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3 edited body

Some preliminary definitions:

Let $\Pi = \langle \alpha | \alpha^2 = 1\rangle$ be the cyclic group of order $2$ and let $\mathbb{Z}\Pi$ denote the group ring of $\Pi$ over $\mathbb{Z}$. Embed $\Pi$ in $\mathbb{Z}\Pi$ by letting $1:\Pi \rightarrow \mathbb{Z}$ be the map defined by $1(1) = 1$ and $1(\alpha) = 0$ and letting $\alpha:\Pi \rightarrow \mathbb{Z}$ be the map defined by $\alpha(1) = 0$ and $\alpha(\alpha) = 1$.

Now let $(W,\partial)$ be the chain complex defined as follows. Set $W_n$ as the free $\mathbb{Z}\Pi$-module on the single generator $e_n$ if $n \geq 0$ and set $W_n = 0$ otherwise. Let $\partial_n$ be the zero homomorphism for all $n \leq 0$ and let $\partial_n$ be the homomorphism defined by $\partial_n(r) = (\alpha+(-1)^n)(r)$ for all $n > 0$. Lastly, let $\varepsilon:W_0 \rightarrow \mathbb{Z}$ be the augmentation map defined by setting $\varepsilon(1) = \varepsilon(\alpha) = 1$.

The problem:

I have managed to show that the augmented complex $(W,\partial,\varepsilon)$ is acyclic and am currently trying to find a chain map $W \nabla:W \rightarrow W \otimes_{\mathbb{Z}} W$ which lifts the identity $\nabla:\mathbb{Z} \mathbb{Z} \rightarrow \mathbb{Z} \otimes_{\mathbb{Z}} \mathbb{Z}$. I have been told that it is possible to take $\nabla(e_0) = e_0 \otimes e_0$ and $\nabla(e_1) = e_1 \otimes \alpha e_0 + e_0 \otimes e_1$ and so on, but I can't seem to figure out how this works. Alexander-Whitney maps and Eilenberg-Zilber maps seem like they might be relevant, but I am uncertain how to use them here. Would someone help orient me in the right direction here?

2 added 26 characters in body; edited title

# Existence of a chain map lifting the identity; Alexander-WhitneyAlexander-Whitney/Eilenberg-Zilber maps

Some preliminary definitions:

Let $\Pi = \langle \alpha | \alpha^2 = 1\rangle$ be the cyclic group of order $2$ and let $\mathbb{Z}\Pi$ denote the group ring of $\Pi$ over $\mathbb{Z}$. Embed $\Pi$ in $\mathbb{Z}\Pi$ by letting $1:\Pi \rightarrow \mathbb{Z}$ be the map defined by $1(1) = 1$ and $1(\alpha) = 0$ and letting $\alpha:\Pi \rightarrow \mathbb{Z}$ be the map defined by $\alpha(1) = 0$ and $\alpha(\alpha) = 1$.

Now let $(W,\partial)$ be the chain complex defined as follows. Set $W_n$ as the free $\mathbb{Z}\Pi$-module on the single generator $e_n$ if $n \geq 0$ and set $W_n = 0$ otherwise. Let $\partial_n$ be the zero homomorphism for all $n \leq 0$ and let $\partial_n$ be the homomorphism defined by $\partial_n(r) = (\alpha+(-1)^n)(r)$ for all $n > 0$. Lastly, let $\varepsilon:W_0 \rightarrow \mathbb{Z}$ be the augmentation map defined by setting $\varepsilon(1) = \varepsilon(\alpha) = 1$.

The problem:

I have managed to show that the augmented complex $(W,\partial,\varepsilon)$ is acyclic and am currently trying to find a chain map $W \rightarrow W \otimes_{\mathbb{Z}} W$ which lifts the identity $\nabla:\mathbb{Z} \rightarrow \mathbb{Z} \otimes_{\mathbb{Z}} \mathbb{Z}$. I have been told that it is possible to take $\nabla(e_0) = e_0 \otimes e_0$ and $\nabla(e_1) = e_1 \otimes \alpha e_0 + e_0 \otimes e_1$ and so on, but I can't seem to figure out how this works. Alexander-Whitney maps and Eilenberg-Zilber maps seem like they might be relevant, but I am uncertain how to use them here. Would someone help orient me in the right direction here?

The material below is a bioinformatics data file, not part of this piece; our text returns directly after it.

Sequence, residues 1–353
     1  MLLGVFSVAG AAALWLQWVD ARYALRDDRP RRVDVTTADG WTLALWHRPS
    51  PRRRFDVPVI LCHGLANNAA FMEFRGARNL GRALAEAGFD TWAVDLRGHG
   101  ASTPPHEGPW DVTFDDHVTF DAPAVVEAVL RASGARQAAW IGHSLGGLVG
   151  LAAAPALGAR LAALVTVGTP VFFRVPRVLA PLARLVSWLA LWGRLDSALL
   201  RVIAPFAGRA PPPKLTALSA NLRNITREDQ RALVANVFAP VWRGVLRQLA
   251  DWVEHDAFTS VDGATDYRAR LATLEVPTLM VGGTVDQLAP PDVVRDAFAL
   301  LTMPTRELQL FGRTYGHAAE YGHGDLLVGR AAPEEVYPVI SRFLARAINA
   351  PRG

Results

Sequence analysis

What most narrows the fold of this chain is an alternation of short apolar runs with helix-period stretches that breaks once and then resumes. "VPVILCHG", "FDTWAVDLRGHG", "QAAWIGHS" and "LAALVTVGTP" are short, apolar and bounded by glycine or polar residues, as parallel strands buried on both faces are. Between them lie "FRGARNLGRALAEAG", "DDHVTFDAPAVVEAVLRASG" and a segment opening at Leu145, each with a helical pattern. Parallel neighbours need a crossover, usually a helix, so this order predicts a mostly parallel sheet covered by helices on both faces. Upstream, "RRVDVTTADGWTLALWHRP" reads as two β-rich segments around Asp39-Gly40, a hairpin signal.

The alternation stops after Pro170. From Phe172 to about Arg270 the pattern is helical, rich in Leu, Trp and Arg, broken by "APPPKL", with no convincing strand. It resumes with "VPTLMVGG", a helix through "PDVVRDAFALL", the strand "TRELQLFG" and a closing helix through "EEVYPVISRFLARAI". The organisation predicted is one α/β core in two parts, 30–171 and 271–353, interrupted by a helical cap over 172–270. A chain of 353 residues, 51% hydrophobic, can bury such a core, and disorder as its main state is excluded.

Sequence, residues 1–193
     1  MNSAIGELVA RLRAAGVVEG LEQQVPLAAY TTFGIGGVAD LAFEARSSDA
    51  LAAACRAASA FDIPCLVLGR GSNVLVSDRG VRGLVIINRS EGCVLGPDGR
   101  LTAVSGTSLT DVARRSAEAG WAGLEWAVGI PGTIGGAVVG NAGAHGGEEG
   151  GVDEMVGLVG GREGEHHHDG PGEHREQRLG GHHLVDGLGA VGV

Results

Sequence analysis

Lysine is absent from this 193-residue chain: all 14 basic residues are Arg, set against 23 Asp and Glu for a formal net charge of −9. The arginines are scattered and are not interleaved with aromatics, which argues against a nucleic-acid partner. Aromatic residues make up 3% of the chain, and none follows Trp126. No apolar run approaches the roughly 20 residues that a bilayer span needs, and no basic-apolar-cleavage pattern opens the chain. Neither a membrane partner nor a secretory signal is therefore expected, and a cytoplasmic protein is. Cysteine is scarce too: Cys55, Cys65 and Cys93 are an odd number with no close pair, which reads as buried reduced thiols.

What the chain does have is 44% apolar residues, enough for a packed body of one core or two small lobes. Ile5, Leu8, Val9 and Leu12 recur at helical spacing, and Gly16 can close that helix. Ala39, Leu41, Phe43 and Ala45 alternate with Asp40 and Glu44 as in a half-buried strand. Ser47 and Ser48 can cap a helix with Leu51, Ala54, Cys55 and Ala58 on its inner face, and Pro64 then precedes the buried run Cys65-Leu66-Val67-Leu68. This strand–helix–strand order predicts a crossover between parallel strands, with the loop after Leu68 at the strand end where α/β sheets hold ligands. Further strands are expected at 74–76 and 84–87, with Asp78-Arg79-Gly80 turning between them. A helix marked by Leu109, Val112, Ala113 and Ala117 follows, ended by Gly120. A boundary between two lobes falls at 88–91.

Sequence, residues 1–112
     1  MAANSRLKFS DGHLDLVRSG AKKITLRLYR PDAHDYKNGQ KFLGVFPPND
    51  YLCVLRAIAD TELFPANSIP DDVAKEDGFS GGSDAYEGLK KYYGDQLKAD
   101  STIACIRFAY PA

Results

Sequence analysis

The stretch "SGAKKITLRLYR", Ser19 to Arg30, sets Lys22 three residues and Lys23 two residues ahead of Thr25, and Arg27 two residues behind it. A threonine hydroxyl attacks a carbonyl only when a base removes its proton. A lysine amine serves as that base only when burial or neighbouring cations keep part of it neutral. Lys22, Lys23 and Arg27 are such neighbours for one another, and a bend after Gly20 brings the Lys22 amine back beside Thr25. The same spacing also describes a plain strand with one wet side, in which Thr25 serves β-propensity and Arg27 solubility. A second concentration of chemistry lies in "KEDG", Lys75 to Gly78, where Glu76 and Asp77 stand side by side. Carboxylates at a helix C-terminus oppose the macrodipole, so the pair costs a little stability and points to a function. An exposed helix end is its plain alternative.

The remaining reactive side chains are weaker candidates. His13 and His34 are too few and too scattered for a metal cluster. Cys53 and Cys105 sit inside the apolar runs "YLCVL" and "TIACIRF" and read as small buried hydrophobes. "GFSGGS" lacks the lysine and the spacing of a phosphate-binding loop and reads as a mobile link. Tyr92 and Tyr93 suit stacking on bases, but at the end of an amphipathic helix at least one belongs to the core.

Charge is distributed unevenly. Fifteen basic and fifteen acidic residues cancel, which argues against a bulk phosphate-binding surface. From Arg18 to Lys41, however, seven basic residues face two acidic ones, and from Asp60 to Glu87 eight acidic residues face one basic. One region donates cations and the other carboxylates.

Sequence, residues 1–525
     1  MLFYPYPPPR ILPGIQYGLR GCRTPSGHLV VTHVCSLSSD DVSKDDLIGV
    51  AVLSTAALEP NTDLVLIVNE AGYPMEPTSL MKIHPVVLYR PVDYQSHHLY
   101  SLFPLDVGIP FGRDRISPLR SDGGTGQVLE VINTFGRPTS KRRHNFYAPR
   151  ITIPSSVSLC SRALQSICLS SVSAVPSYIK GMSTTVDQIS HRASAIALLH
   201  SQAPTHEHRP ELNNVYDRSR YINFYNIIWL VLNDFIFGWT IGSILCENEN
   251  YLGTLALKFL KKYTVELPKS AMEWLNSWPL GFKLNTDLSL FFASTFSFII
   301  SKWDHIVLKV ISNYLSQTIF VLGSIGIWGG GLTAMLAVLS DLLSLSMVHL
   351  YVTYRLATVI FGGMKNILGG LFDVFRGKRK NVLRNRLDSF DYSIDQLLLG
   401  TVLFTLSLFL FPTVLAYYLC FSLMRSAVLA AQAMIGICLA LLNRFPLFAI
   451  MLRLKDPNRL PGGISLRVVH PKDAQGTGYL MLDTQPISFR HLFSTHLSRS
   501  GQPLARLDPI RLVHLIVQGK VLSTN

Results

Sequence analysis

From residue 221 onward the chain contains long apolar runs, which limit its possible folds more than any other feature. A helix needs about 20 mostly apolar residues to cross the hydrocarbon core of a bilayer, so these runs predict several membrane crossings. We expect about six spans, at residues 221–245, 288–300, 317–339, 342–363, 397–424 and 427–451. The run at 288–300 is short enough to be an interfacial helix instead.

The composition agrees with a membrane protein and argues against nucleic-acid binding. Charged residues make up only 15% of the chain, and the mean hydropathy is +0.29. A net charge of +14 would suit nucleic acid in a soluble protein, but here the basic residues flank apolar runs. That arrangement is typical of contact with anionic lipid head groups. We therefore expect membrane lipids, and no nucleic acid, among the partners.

1

# Existence of a chain map lifting the identity; Alexander-Whitney maps

Some preliminary definitions:

Let $\Pi = \langle \alpha | \alpha^2 = 1\rangle$ be the cyclic group of order $2$ and let $\mathbb{Z}\Pi$ denote the group ring of $\Pi$ over $\mathbb{Z}$. Embed $\Pi$ in $\mathbb{Z}\Pi$ by letting $1:\Pi \rightarrow \mathbb{Z}$ be the map defined by $1(1) = 1$ and $1(\alpha) = 0$ and letting $\alpha:\Pi \rightarrow \mathbb{Z}$ be the map defined by $\alpha(1) = 0$ and $\alpha(\alpha) = 1$.

Now let $(W,\partial)$ be the chain complex defined as follows. Set $W_n$ as the free $\mathbb{Z}\Pi$-module on the single generator $e_n$ if $n \geq 0$ and set $W_n = 0$ otherwise. Let $\partial_n$ be the zero homomorphism for all $n \leq 0$ and let $\partial_n$ be the homomorphism defined by $\partial_n(r) = (\alpha+(-1)^n)(r)$ for all $n > 0$. Lastly, let $\varepsilon:W_0 \rightarrow \mathbb{Z}$ be the augmentation map defined by setting $\varepsilon(1) = \varepsilon(\alpha) = 1$.

The problem:

I have managed to show that the augmented complex $(W,\partial,\varepsilon)$ is acyclic and am currently trying to find a chain map $W \rightarrow W \otimes_{\mathbb{Z}} W$ which lifts the identity $\nabla:\mathbb{Z} \rightarrow \mathbb{Z} \otimes_{\mathbb{Z}} \mathbb{Z}$. I have been told that it is possible to take $\nabla(e_0) = e_0 \otimes e_0$ and $\nabla(e_1) = e_1 \otimes \alpha e_0 + e_0 \otimes e_1$ and so on, but I can't seem to figure out how this works. Alexander-Whitney maps seem like they might be relevant, but I am uncertain how to use them here. Would someone help orient me in the right direction here?